Miller Center

Interview with Alfred E. Kahn

Introduction

Photo of Kahn, Alfred E.; Lewis, Ronald B.; Rapp, Dennis A.

Alfred Kahn, along with Ron Lewis and Dennis Rapp, discuss the Carter administration's efforts to deal with inflation, its movement toward deregulation, and the president's leadership style.

Copyright 2003 The Rector and Visitors of the University of Virginia. Publicly released transcripts of the Jimmy Carter Oral History Project are freely available for non-commercial use according to the Fair Use provisions of the United States Copyright Code and International Copyright Law. Advance written permission is required for reproduction, redistribution, and extensive quotation or excerpting. Permission requests should be made to the Miller Center, P.O. Box 400406, Charlottesville, VA 22904-4406

Transcript

Young

I would like to welcome our three guests from the Carter staff: Alfred Kahn, Ron Lewis, and Dennis Rapp. I’ve reviewed with our guests the ground rules that prevail for all these sessions and it is understood that nothing said in the room goes out of the room, that the transcripts of the session, which are off the record, are first seen by nobody but the three former staff participants, who then have the opportunity to edit and review their words as recorded in the transcript—to indicate statements that they prefer to keep off the record or that require special permission to quote. It’s further understood that these transcripts are to be used for scholarly research purposes and that our plan is to use these transcripts as primary source material for the Miller Center-sponsored overview by scholars of the Carter Presidency. And following that the transcripts will be made generally available to scholars, and copies filed in the National Archives for that purpose.

I’ve discussed the general range of topics that we—the academic participants—considered yesterday, and there seems to be a good deal of convergence between what you’d like to talk about and what we’d like to hear about, in general. We do try to keep some kind of focus for the segments of these sessions, ending up tomorrow with our talk about how one should look at the large picture of the Carter Presidency, its problems, its successes, its difficulties. We generally like to start out by having you, if this is agreeable, just talk in general terms about how you came to be involved in this White House and an overview of your work, and we might find it helpful also if Dennis Rapp and Ron Lewis—or you—could tell us about what your special responsibilities were, and something about your background because we know well only Al Kahn’s background.

Kahn

On the question of how I came to occupy the two positions—the chairmanship of the Council on Wage and Price Stability, and the position whose official title was Advisor to the President on Inflation—I am forced to rely primarily on inference and surmise. You will recall that the President evidently was in the process of formulating his third anti-inflation program—I think that’s the one that I inherited—announced on, I think, October 24. I had no role whatever in the formulation of that. I was Chairman of the CAB [Civil Aeronautics Board], had been appointed in early June of ’77.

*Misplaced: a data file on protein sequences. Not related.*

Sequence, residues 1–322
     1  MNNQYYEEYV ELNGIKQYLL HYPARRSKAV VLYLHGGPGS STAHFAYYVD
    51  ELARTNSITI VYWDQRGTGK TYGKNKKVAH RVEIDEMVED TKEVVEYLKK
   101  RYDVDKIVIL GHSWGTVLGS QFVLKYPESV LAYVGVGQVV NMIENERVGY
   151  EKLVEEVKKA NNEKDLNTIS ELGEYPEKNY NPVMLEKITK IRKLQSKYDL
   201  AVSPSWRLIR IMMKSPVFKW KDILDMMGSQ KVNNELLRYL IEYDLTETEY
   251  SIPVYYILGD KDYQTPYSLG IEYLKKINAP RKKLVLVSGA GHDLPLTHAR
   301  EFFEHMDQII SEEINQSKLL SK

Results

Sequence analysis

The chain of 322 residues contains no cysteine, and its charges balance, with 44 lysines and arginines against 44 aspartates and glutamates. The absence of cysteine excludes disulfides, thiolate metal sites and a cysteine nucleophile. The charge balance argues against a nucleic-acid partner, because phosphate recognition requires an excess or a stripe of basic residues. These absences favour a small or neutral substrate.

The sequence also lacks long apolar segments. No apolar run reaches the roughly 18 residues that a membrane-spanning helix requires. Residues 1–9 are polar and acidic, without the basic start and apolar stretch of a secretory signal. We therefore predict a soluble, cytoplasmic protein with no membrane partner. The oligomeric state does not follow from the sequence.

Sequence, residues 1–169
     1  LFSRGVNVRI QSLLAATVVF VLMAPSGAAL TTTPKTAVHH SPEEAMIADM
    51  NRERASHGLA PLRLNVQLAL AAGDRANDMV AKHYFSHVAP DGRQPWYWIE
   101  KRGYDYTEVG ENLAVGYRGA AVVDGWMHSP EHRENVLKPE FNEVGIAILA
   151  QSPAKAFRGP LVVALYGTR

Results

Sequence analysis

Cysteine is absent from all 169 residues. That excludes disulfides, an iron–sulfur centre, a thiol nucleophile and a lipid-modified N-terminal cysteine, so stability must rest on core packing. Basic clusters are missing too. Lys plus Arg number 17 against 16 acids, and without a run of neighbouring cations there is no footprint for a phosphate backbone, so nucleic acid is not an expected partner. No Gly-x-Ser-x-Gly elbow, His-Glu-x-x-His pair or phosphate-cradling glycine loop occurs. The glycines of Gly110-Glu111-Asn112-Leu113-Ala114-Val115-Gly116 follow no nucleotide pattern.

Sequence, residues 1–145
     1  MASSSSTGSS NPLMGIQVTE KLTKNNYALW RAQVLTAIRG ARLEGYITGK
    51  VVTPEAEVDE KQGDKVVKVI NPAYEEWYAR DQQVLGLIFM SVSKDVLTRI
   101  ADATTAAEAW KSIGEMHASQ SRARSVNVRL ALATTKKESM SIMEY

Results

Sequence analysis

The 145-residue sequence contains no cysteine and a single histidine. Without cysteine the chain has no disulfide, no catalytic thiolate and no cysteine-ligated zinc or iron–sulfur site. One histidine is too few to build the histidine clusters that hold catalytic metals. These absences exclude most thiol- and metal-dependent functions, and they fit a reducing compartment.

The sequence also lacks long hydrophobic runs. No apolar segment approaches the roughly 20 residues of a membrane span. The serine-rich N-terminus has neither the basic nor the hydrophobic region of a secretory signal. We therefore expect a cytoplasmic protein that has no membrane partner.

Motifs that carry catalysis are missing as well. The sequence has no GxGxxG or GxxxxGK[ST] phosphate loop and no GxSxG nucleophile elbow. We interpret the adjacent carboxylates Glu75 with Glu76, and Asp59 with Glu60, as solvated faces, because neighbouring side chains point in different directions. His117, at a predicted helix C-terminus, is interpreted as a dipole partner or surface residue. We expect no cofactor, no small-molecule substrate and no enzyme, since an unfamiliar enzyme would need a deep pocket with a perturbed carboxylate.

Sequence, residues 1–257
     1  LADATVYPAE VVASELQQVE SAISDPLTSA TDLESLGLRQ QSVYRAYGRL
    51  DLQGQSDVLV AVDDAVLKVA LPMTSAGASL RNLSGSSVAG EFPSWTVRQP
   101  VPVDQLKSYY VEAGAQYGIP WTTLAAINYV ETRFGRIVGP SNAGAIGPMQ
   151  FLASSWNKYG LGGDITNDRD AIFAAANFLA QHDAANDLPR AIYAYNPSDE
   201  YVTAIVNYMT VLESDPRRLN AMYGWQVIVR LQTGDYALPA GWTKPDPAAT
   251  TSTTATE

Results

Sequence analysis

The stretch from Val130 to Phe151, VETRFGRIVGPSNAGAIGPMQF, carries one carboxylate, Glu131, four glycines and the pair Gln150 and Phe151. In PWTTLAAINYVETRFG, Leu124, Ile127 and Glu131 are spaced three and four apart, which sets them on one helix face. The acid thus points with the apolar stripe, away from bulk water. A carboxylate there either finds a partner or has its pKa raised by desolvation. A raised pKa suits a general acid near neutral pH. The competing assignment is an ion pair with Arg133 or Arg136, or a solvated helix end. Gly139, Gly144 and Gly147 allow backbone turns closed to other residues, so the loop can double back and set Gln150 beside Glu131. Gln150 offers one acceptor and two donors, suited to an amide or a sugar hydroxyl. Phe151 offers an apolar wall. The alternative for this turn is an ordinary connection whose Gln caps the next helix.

In early October I was in Europe for meetings on international aviation policy and a week in Venice because it was my 35th wedding anniversary; that was October 10. And when I got back, sometime after October 15, I think, there was a message waiting for me that the Vice President wanted to see me. I had never met him before. I found myself talking to Bob Strauss and Fritz [Walter] Mondale, and Charlie Schultze. And it was then that they said that the President wanted me to take those two jobs.

Later, while in the process of trying to decide, I had conversations with Hamilton Jordan and Stu Eizenstat. Now why did they ask me? I had had no professional, no appreciable professional exposure to the problems of inflation. I’d done some writing, but it was not my major area of expertise, and I had no real connections with the administration other than an old friendship with Charlie Schultze because he and I were senior staff members at the same time in Arthur Burns’ Council of Economic Advisors. Interestingly others of those were George Shultz and Joe Pechman, whom you may or may not know. So I can only guess.

I remember, for example, protesting many times, What do you need an advisor on inflation for? Inflation is intimately associated with other economic policies, you’ve got a Chief Economic Advisor, the Chairman of your Council of Economic Advisors, with specialist members in the macro and micro field— at that time there was Lyle Gramley and Bill Nordhaus— And you have in addition the Secretary of the Treasury, who is supposed to be your Chief Economic Advisor. Does it look as if there’s really any point, other than a cosmetic point, which may have been one of the main reasons for doing it. I couldn’t see any functional reason, except the responsibility of running the Council on Wage and Price Stability, with its new program of enforcing wage and price standards.